Scott Sumner sets out to debunk theories of the price level not based on a form of the quantity theory of money, and lumps MMT in with those approaches that “deny open market purchases are inflationary, because you are just exchanging one form of government debt for another.” While this is true, what’s interesting is that from within Sumner’s own paradigm, MMT-related proposals should not be inflationary. This is clear right off the bat when he lists his first “qualifier” or exception to the quantity theory:
If the new base money is interest-bearing reserves, I fully agree that OMOs may not be inflationary. That’s exchanging one type of debt for another.
And that is about all we need to hear. As we’ve said probably gazillions of times, you can’t have discretionary open market operations beyond that which is consistent with the Fed achieving its federal funds rate target unless an interest-bearing alternative to reserve balances is offered. Traditionally, this has been Treasury securities issued by the Treasury or sold by the Fed. The only way to leave all the reserve balances circulating and achieve a positive interest rate target at the same time would be to pay interest on reserve balances.
For instance, later, when Sumner writes, “Now suppose that in 2007 the US monetized the entire net debt, exchanging $6 trillion in non-interest bearing base money for T-securities,” hopefully he realizes that this is not operationally possible without paying interest at the target rate on the excess reserve balances created unless the Fed wanted to have a zero-rate target.
So, in the MMT proposals, whether for functional finance fiscal operations without bond sales or basic coin seigniorage, or in our critiques of QE, we’ve always recognized that these were not operationally possible with a positive interest rate target unless interest is paid on reserve balances at the Fed’s target rate. As such, we always propose that the rate paid on reserve balances and the target rate be equal.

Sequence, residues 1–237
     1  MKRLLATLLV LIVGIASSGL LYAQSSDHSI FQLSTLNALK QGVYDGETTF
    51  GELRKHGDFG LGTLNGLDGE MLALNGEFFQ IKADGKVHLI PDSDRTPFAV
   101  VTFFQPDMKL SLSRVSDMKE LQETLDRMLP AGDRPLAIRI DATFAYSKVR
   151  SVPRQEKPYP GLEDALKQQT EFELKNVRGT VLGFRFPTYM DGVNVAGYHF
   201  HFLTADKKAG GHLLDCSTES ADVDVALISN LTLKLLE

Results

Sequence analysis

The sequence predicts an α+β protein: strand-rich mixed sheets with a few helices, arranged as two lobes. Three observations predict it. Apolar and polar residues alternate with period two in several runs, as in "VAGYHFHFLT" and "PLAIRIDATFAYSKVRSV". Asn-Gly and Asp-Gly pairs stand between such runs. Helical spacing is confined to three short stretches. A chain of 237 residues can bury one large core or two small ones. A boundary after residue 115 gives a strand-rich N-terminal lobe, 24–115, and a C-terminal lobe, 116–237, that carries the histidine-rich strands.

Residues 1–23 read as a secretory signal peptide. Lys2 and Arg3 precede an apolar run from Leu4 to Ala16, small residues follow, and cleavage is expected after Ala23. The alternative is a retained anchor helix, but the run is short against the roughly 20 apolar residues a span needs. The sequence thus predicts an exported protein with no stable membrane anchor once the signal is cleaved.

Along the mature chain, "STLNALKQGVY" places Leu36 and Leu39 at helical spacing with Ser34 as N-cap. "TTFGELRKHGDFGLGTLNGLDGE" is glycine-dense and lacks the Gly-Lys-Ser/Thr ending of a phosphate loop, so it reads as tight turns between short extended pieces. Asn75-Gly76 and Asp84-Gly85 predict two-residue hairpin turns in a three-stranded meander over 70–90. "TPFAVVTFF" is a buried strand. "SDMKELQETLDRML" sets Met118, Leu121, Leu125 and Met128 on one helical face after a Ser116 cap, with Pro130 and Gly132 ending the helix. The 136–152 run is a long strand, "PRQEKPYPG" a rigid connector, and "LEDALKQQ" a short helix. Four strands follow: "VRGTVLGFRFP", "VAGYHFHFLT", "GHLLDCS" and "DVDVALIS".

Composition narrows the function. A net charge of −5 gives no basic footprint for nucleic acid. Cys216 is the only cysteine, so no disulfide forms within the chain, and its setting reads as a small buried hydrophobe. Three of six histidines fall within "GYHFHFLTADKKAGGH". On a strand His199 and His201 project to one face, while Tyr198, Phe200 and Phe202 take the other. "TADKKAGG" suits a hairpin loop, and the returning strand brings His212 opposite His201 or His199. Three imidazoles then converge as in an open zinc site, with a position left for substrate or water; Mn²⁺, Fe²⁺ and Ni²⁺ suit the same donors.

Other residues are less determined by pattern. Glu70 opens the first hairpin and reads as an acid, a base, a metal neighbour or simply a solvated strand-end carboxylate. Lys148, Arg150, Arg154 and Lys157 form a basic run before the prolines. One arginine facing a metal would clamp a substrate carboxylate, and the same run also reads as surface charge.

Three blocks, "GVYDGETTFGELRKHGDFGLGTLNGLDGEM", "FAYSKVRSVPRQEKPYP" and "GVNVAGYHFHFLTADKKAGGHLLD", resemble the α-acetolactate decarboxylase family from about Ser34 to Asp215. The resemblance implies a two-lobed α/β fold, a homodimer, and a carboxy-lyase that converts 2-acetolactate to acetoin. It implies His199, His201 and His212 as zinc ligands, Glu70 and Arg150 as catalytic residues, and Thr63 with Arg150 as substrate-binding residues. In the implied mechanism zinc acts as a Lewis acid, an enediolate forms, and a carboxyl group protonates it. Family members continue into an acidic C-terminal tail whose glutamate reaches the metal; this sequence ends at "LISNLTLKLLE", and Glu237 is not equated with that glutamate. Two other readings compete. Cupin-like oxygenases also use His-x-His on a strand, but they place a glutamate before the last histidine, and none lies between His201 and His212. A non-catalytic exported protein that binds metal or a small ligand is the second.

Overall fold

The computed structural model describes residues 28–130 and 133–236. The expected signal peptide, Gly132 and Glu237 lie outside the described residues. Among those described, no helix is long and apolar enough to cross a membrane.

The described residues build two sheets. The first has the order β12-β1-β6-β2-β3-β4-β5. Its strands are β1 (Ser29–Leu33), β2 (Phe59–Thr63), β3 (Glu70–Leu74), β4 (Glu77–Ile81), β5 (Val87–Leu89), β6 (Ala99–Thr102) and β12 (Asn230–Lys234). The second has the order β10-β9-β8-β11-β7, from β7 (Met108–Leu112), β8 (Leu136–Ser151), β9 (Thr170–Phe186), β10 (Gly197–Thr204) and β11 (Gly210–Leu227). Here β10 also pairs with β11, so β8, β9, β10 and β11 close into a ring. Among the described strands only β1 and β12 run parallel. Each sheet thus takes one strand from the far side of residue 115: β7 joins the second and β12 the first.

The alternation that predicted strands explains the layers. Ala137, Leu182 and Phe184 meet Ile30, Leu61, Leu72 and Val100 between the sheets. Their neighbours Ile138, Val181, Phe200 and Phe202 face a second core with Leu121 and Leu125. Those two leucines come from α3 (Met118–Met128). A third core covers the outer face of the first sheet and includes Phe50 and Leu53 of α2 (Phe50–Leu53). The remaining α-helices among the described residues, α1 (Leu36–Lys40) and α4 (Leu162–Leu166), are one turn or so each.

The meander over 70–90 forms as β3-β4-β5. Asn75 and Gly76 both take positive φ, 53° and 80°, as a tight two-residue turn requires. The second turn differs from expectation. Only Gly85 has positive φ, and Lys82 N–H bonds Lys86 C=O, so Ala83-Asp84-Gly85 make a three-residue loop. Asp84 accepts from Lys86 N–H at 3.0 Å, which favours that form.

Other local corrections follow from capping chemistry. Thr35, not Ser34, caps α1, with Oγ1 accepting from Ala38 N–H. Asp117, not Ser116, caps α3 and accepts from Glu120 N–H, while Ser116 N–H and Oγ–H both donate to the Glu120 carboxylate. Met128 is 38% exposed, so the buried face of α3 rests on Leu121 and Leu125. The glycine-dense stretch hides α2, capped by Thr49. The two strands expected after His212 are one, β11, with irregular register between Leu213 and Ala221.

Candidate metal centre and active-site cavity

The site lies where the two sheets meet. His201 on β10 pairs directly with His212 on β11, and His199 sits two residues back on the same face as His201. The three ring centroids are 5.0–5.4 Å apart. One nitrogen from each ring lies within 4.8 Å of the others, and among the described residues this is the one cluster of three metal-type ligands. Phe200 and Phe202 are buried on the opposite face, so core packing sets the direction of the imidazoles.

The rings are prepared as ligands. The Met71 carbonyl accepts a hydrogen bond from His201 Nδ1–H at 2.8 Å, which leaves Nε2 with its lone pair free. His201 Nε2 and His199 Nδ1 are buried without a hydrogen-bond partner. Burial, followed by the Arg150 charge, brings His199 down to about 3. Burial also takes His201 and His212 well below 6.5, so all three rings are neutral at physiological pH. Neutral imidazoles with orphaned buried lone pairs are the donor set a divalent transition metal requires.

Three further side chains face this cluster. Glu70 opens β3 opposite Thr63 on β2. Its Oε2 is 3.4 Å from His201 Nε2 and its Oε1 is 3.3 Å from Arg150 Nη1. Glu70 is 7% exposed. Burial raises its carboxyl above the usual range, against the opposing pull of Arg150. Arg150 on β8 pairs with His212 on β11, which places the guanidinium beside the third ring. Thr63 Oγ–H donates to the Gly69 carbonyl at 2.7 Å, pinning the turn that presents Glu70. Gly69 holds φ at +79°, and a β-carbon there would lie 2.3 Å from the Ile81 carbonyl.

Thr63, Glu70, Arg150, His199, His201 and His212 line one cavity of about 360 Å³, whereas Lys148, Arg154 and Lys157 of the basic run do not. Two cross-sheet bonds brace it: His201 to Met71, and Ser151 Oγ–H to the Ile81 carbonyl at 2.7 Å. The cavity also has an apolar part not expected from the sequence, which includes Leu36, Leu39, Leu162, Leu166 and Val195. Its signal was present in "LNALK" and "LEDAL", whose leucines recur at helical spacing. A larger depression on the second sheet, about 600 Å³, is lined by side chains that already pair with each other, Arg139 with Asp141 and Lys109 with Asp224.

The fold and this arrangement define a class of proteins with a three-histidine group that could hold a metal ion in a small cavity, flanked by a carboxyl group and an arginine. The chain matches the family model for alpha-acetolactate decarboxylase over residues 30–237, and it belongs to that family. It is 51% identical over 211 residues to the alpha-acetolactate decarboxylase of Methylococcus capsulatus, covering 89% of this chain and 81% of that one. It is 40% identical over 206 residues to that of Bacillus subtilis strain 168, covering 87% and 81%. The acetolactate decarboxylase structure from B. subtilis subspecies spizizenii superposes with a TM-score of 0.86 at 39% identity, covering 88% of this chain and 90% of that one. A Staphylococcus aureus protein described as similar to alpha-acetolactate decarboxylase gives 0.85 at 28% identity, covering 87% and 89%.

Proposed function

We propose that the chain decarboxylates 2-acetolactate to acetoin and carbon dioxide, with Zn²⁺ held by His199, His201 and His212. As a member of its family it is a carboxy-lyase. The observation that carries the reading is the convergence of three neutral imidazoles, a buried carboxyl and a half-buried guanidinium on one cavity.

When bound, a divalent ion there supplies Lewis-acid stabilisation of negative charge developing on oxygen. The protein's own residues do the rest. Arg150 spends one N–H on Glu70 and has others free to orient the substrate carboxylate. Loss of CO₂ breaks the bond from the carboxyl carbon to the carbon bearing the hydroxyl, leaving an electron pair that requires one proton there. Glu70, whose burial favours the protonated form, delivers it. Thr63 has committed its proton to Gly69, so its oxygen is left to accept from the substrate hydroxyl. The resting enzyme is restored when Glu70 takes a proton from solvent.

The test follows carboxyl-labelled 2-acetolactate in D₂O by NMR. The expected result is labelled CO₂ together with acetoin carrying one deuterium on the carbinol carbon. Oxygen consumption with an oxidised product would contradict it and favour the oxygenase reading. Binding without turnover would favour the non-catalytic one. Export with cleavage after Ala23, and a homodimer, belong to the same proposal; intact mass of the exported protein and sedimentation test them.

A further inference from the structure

And just to be clear, when Sumner says above that “OMOs may not be inflationary” due to what he later describes as expectation effects, again MMT agrees that there can be such indirect effects as when expectations of QE2’s ultimate effect were likely behind rising commodity and equity prices. Cullen Roche pointed this out literally dozens of times.
Now, obviously, the MMT understanding of the effects of interest on reserve balances—namely, to achieve an overnight target while adding reserve balances in a discretionary manner, and virtually nothing else—is completely at odds with Sumner’s view and the view of many other neoclassical economists, where interest on reserve balances is akin to tighter monetary policy. But differences in how the two paradigms understand the monetary system or how monetary policy is transmitted to the rest of the economy are not my point here. The point is, from within Sumner’s own paradigm, policies proposed by MMT’ers aren’t inflationary.
Finally, just as an aside, Sumner concludes with, “So here’s my question: Are there any non-quantity theoretic models of the price level?” Of course, the price level itself can be anything depending on which year uses as a base year and the value at which the base year is set, so what’s really of interest is understanding changes in the price level instead of the level itself. Interestingly, MMT is also a quantity-theoretic model of changes in the price level. The differences are (1) net financial assets of the non-government sector, rather than traditional monetary aggregates, are the MMT’ers preferred measure of “money,” and (2) desired leveraging of the non-government sector is akin to what one might call “velocity.” In MMT, the two of those together (net financial assets of the non-government sector relative to leveraging of existing income) set aggregate demand and ultimately changes in the price level, at least the changes that are demand-driven.